Emergence of the concept of a skin immune system has shed light on the pathogenesis of CTCL. It is now clear that, in the normal state, T cells can circulate from the peripheral blood, through the selective barrier of endothelial cells bearing adhesion molecules into the dermis, to regional lymph nodes via the lymphatic vessels, and back into the peripheral circulation through high endothelial venules in the lymph-node cortex (Figure 1).
The key to this skin-blood-lymph nodespecific cycling appears to be T-cell expression of the cutaneous lymphocyte antigen (CLA) marker. Naive (ie, CD45Ra-positive) T cells that encounter their specific antigen in draining lymph nodes of the skin differentiate into activated/memory (ie, CD45Ro-positive) T cells and express CLA. Once returned to the blood, CLA-positive T cells can encounter their ligand E-selectin on dermal endothelial cells for recruitment back into the skin during an inflammatory response.
During normal homeostasis, this system performs an immunosurveillance function as part of the defense against cutaneous insults and infection. However, under abnormal circumstances, CLA-positive T cells mediate many inflammatory skin disorders, including psoriasis, atopic dermatitis, and cutaneous graft-vs-host disease. Although often referred to as a primary cutaneous lymphoma to distinguish it from, eg, Hodgkins disease, which may eventually involve the skin, CTCL is perhaps more accurately viewed as a lymphoma arising from skin-homing, CLA-positive memory T cells of the skin immune system.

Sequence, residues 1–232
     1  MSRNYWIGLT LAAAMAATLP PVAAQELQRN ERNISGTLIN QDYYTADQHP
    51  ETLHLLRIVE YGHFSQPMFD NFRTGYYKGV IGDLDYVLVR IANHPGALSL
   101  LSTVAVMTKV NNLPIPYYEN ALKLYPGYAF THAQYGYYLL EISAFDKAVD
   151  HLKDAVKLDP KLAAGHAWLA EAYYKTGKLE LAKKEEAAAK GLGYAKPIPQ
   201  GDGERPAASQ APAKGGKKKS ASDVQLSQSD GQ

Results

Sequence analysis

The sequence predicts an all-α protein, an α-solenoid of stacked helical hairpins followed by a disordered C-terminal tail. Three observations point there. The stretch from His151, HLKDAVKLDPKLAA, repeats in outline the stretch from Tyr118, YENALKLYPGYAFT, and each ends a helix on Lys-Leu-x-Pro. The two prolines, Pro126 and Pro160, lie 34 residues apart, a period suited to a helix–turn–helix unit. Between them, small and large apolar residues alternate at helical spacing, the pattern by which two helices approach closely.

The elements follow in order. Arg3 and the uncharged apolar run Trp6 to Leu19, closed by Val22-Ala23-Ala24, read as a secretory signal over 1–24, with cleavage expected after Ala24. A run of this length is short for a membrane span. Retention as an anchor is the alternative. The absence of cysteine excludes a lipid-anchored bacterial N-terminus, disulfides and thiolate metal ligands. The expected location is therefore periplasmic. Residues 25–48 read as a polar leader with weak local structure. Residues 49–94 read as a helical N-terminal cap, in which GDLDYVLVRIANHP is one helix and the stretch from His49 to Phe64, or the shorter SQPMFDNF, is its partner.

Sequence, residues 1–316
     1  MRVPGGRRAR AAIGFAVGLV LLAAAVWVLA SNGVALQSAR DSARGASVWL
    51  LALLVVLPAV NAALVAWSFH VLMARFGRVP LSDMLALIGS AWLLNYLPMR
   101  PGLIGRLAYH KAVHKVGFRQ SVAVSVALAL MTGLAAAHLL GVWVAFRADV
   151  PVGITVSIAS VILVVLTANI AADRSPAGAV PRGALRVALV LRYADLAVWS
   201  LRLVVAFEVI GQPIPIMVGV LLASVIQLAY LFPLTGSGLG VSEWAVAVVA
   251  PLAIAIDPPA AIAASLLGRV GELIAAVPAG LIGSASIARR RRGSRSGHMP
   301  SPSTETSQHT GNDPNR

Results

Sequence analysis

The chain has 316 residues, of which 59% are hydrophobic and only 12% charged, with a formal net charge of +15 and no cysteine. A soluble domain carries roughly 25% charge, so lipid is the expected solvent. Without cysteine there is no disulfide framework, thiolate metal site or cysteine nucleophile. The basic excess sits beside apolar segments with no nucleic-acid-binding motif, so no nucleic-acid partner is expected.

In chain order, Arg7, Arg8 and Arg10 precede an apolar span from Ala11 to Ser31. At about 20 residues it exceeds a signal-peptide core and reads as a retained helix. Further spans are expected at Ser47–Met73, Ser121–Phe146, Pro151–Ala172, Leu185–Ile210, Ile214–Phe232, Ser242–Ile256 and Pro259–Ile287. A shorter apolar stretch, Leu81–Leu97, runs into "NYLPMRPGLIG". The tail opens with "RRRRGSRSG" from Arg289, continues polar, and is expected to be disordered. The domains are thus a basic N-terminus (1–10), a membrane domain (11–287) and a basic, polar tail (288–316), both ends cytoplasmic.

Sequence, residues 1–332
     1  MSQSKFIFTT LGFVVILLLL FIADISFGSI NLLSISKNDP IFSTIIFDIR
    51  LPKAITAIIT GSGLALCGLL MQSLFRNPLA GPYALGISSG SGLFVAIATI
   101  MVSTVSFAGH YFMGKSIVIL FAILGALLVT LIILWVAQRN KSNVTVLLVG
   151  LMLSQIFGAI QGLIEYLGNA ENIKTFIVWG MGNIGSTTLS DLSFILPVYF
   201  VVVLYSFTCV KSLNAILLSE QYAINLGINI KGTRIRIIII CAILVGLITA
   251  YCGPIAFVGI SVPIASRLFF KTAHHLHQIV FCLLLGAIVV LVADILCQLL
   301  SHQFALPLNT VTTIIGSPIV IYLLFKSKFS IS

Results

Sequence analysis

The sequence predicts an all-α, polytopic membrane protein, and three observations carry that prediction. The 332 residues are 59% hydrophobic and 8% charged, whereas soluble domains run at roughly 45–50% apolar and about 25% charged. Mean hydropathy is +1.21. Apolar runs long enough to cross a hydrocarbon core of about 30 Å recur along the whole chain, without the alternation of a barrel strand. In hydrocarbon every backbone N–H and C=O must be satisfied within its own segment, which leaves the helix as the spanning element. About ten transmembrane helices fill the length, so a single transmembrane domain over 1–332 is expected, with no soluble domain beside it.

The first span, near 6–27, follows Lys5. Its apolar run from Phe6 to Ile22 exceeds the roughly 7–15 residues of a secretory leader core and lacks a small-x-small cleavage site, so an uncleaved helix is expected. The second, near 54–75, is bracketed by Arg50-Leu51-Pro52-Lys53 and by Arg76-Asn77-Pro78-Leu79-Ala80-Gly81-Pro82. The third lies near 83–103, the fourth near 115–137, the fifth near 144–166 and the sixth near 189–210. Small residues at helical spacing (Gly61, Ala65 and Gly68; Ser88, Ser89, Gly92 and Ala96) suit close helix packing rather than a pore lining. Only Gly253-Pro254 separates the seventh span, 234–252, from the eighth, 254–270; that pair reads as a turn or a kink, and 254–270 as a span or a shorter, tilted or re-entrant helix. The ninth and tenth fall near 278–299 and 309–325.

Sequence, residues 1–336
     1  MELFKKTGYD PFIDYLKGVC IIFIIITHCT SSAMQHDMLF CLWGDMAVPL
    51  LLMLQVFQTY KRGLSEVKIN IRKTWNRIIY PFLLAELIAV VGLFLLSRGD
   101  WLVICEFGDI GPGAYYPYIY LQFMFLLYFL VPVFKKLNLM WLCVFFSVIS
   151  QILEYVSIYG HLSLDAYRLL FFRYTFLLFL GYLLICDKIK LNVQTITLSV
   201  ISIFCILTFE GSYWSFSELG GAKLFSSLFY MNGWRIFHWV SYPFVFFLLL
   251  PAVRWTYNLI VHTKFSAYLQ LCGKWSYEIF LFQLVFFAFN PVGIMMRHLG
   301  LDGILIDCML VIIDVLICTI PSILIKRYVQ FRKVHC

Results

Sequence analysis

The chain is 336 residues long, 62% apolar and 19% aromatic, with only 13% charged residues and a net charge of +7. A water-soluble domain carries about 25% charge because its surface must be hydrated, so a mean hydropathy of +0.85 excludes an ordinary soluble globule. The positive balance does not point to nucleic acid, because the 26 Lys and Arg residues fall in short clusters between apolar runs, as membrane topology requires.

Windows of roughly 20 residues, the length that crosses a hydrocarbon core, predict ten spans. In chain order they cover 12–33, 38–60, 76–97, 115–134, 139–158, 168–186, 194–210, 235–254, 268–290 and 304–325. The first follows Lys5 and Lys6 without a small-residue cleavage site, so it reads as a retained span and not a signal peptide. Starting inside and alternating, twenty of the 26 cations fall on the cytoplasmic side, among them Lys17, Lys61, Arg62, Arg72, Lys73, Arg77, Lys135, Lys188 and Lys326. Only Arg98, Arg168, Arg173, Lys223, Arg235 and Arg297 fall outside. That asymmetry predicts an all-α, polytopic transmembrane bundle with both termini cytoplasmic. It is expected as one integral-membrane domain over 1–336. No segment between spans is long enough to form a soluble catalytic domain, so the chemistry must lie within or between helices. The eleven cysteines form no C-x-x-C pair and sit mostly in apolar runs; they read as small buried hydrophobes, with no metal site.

Understanding that CTCL is a malignancy of the skin immune system helps one to better understand the pathogenesis of this lymphoma. For example, while the insidious patch/plaque CTCL (discussed below) usually persists for years in patients in the absence of obvious leukemia (ie, with normal peripheral lymphocyte subset counts and without any abnormalities present by flow cytometry) or lymphadenopathy, it is incorrect to view this condition as a lymphoma confined to the skin.
It is not unusual for such patients to present with multiple cutaneous patch and/or plaque lesions. Immunohistochemical and molecular analysis of infiltrating T cells demonstrates a common clonal population of CD4-positive, CD45Ro-positive memory T cells in each of the discrete lesions. (Each patch/plaque lesion of mycosis fungoides has the same clone.) The presence of multiple lesions with intervening normal skin is indirect evidence that, even in this early-stage patch/plaque disease, CTCL is a lymphoma of T cells of the skin immune system (ie, cycling among the skin, peripheral blood, and skin-draining lymph nodes).